HONOLULU — A federal judge denied bail Monday to a civilian defense contractor accused of giving military secrets to a Chinese girlfriend half his age. The judge ruled the suspect poses a danger to national security.
U.S. Magistrate Judge Richard Puglisi ordered Benjamin P. Bishop, 59, to remain in custody while he awaits trial.
Puglisi cited a declaration made to the court by the U.S. Pacific Command’s chief of staff, Maj. Gen. Anthony Crutchfield, in making his decision.
The judge said Crutchfield made the case that Bishop would be able to recall substantial amounts of classified information from memory and could divulge classified information that could harm national security.
Bishop is charged with one count of communicating national defense information to a person not entitled to receive it and one count of unlawfully retaining national defense documents and plans.
Bishop has ties to Las Vegas, where he relocated from Salt Lake City in 2007 to recruit Army Reserve soldiers for the 650th Regional Support Group, a newly reorganized unit that deployed to Afghanistan in 2010.
As its executive officer, he said he wanted “folks to step back from their little world and see the bigger picture of what’s going on.”
“The country is at war,” he told the Las Vegas Review-Journal in 2007.
As an Army Reserve lieutenant colonel, he moved to Hawaii in 2009 for duty with the U.S. Pacific Command.
In June 2011, he began “an intimate, romantic relationship” with a 27-year-old woman from China, who was living in Hawaii on a student visa, said a federal investigator in the espionage case.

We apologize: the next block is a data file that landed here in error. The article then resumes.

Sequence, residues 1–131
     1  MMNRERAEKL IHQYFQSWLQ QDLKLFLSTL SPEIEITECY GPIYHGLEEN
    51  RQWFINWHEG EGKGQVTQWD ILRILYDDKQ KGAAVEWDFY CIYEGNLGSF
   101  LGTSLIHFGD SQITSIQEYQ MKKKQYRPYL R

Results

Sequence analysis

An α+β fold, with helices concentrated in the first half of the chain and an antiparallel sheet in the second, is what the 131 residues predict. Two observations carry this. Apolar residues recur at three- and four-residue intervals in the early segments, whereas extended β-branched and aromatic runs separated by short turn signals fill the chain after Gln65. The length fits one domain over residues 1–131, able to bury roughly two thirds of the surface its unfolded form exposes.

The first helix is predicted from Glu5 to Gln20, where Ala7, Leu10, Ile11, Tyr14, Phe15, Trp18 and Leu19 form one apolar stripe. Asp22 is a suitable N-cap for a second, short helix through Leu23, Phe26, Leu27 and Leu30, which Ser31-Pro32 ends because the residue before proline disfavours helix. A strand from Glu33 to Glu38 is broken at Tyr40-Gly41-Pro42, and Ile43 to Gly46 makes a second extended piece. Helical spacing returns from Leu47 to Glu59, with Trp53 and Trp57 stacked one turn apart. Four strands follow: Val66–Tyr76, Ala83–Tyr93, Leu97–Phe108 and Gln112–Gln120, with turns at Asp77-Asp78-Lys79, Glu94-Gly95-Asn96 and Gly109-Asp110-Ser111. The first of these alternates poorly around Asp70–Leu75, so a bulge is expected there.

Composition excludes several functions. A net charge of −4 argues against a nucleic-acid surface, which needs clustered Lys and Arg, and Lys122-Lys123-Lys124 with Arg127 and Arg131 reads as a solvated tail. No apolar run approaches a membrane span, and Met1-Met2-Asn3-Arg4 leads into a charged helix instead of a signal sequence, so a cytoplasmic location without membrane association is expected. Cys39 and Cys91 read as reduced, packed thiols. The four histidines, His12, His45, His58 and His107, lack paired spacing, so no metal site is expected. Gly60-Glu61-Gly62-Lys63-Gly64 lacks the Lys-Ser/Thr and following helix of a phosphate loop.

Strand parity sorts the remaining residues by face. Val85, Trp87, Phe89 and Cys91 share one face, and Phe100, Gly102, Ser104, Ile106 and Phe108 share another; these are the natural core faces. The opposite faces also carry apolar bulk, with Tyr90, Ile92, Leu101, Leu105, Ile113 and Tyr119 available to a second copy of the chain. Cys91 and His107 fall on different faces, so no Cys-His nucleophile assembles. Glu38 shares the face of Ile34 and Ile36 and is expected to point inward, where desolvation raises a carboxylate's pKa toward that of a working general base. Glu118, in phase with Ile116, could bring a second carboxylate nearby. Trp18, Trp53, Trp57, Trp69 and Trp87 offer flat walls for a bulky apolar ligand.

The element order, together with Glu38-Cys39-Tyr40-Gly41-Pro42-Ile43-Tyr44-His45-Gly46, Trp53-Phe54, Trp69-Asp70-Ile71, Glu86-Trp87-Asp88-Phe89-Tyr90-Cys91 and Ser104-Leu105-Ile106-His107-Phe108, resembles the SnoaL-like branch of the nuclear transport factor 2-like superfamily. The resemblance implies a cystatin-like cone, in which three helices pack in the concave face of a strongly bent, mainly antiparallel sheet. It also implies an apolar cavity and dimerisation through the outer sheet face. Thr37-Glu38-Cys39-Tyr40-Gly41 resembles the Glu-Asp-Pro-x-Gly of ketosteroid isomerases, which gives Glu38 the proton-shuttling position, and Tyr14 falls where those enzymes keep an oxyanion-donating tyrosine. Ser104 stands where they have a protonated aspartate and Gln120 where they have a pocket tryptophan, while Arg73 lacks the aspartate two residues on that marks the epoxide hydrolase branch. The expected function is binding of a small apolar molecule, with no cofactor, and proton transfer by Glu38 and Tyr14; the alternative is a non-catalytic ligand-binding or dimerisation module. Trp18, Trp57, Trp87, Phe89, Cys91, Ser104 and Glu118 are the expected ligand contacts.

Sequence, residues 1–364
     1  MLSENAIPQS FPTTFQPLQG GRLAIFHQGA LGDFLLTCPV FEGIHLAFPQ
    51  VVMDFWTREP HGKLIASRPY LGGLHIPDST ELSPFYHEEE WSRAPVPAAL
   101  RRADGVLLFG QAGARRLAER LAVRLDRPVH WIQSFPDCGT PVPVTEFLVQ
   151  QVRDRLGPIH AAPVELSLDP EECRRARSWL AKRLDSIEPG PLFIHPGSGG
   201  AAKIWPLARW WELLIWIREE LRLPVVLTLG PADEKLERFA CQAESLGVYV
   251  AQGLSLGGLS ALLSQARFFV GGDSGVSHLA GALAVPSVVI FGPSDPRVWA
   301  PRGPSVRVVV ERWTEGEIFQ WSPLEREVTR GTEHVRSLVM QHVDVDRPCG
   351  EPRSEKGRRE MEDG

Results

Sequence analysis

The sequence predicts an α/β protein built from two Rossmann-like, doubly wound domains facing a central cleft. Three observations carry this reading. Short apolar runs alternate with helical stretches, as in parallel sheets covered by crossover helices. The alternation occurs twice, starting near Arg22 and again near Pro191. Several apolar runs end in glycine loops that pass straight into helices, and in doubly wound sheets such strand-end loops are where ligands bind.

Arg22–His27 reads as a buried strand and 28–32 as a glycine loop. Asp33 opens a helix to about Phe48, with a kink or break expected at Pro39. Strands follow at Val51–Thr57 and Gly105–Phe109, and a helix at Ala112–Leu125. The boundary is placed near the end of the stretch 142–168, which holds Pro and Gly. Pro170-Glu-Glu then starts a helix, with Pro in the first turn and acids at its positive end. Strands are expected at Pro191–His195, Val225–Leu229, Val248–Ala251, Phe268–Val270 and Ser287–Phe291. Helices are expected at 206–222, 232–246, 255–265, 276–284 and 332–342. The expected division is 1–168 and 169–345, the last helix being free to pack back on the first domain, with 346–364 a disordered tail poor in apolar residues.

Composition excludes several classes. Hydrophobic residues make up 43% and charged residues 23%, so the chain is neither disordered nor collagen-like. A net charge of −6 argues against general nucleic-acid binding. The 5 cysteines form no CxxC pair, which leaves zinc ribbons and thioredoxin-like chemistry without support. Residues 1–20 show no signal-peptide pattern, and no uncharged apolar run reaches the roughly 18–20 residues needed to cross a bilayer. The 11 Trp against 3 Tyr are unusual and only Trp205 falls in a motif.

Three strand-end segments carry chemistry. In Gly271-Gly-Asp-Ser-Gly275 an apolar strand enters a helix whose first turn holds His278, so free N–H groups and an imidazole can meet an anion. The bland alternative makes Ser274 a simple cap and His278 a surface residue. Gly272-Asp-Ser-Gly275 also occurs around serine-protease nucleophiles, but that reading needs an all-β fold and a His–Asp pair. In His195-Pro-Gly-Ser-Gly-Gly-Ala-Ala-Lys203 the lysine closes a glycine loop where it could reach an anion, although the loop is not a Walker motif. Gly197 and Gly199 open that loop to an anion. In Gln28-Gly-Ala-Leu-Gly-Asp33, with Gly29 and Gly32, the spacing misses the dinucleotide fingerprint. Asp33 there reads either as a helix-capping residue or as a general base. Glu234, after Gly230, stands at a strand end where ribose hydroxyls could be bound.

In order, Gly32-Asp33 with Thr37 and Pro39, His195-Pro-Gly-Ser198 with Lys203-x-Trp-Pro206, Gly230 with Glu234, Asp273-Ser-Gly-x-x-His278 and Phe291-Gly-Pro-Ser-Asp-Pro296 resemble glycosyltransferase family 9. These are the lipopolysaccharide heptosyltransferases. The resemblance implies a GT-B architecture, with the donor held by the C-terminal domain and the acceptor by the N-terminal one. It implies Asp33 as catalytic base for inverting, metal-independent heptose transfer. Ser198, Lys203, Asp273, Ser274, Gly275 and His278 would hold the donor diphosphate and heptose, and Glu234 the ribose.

In court documents Monday, the prosecution said she is a graduate student and Bishop was having an extramarital affair with her.
State documents in Utah show Bishop was married until last year.
Bishop met the Chinese woman at a conference on international military issues, and she “may have been at the conference in order to target individuals such as Bishop who work with and have access to U.S. classified information,” according to an affidavit from FBI Special Agent Scott Freeman.
Last May, Bishop began working as a defense contractor for the U.S. Pacific Command in Honolulu. According to Freeman’s investigation, that is when Bishop began sharing secret plans about nuclear weapons and missile defense radars in the Pacific with his girlfriend.
FBI agents arrested Bishop on March 15.
Freeman’s affidavit said that on Feb. 5, Bishop’s girlfriend requested Bishop’s help “regarding what western nations know about the operation of a particular naval asset of the People’s Republic of China,” Freeman’s affidavit reads, noting that Bishop “acted on her request.”
Puglisi had asked prosecutors to explain how Bishop, if released on bail, might disclose military secrets when he has been fired from his contractor’s position and no longer has access to classified information.
The prosecution responded with a declaration from Crutchfield that outlined Bishop’s work in cyber defense, a position he held from May 2011 until his arrest, and his previous job helping develop Pacific Command strategy and policy.
In a previous position that Bishop held from May 2010 to April 2012, he also had access to “top secret” information on the command’s efforts to defend against a ballistic missile attack from North Korea, Crutchfield said.
Assistant U.S. Attorney Ken Sorenson argued in documents submitted Monday that there were no conditions that could assure Bishop won’t divulge classified information if he is released on bail.
“Nothing short of the security of the Pacific, and U.S. forces in the Pacific, are placed at risk by the nature of the information known to this defendant,” the prosecutor said.
Sorenson said Bishop has shown he can’t be trusted in part because he violated security oaths by failing to tell the government about his contact with the woman, a foreign national.
Bishop’s attorney, Birney Bervar, said he was frustrated by the ruling. He said his client is considering appealing. “He’s being detained without bail based upon what’s in his mind, based upon his knowledge and what he knows,” Bervar said. “There’s no authority, case law, statutory or otherwise, to lock people up because of what they know, what’s in their mind.”
Review-Journal writer Keith Rogers contributed to this report.